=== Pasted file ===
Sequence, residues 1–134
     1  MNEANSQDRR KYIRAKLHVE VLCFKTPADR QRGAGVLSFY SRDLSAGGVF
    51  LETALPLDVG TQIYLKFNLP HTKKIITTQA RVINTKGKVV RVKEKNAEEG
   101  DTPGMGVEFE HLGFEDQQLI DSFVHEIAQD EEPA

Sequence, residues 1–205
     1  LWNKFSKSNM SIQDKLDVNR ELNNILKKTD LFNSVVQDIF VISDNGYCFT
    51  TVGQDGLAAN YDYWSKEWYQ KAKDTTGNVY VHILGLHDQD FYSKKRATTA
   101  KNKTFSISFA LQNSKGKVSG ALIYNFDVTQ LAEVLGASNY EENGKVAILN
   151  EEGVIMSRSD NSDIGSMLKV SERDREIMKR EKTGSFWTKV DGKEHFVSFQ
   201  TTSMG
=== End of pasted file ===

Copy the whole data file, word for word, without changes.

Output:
Sequence, residues 1–134
     1  MNEANSQDRR KYIRAKLHVE VLCFKTPADR QRGAGVLSFY SRDLSAGGVF
    51  LETALPLDVG TQIYLKFNLP HTKKIITTQA RVINTKGKVV RVKEKNAEEG
   101  DTPGMGVEFE HLGFEDQQLI DSFVHEIAQD EEPA

Sequence, residues 1–205
     1  LWNKFSKSNM SIQDKLDVNR ELNNILKKTD LFNSVVQDIF VISDNGYCFT
    51  TVGQDGLAAN YDYWSKEWYQ KAKDTTGNVY VHILGLHDQD FYSKKRATTA
   101  KNKTFSISFA LQNSKGKVSG ALIYNFDVTQ LAEVLGASNY EENGKVAILN
   151  EEGVIMSRSD NSDIGSMLKV SERDREIMKR EKTGSFWTKV DGKEHFVSFQ
   201  TTSMG